What is your favorite restaurant in San Francisco?

    FRC: I am not so much a foodie as I am an experience person. I like places at which I’ve had really good experiences. This typically involves good food, but also the people working and other guests. I’ve had a few really fun experiences at Tropisueno on the plaza side of the Marriott Marquis. First, they have this crazy good salsa trio that you’d swear has cream blended into it, but nope. Their mojito’s are the best I’ve found in SF. The place has a great feel, with latin music and décor, and a real relaxed feeling. The owner, Erin, is so easy going and her team follows her lead.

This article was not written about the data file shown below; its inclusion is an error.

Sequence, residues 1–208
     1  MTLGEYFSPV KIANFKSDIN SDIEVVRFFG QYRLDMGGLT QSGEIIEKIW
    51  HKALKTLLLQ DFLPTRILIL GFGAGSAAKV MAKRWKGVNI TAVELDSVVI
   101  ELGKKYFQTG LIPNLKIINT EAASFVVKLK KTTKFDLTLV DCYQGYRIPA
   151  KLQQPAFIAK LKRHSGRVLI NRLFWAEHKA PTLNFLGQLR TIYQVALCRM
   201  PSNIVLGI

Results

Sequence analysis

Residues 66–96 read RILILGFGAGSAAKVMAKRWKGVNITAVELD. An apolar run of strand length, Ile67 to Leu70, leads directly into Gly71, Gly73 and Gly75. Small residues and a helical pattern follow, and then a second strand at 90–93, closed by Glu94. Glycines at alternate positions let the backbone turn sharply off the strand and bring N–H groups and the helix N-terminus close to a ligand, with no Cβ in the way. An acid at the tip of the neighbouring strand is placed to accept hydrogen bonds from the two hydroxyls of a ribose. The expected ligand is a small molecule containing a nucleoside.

Have additional questions for Steve? Feel free to post them in the comments section and we’ll track down his responses. To find out more about Frank, Rimerman, + Co. please visit their website. You can also connect with Steve on LinkedIn or Twitter.

    Be sure to follow Intacct on all our social media channels, including FacebookGoogle+LinkedIn, and Twitter. Also, join the Intacct Cloud Accounting group and the CFOInsights group on LinkedIn; they are a great place to network with other people interested in cloud financial applications.

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    Peter Olson Director of Corporate Communications 408-878-0951 | polson [@] intacct.com Twitter: @Intacct_Peter
    Brittany Benson Senior Corporate Communications Manager 408-620-3938 | bbenson [@] intacct.com Twitter: @brittanybbenson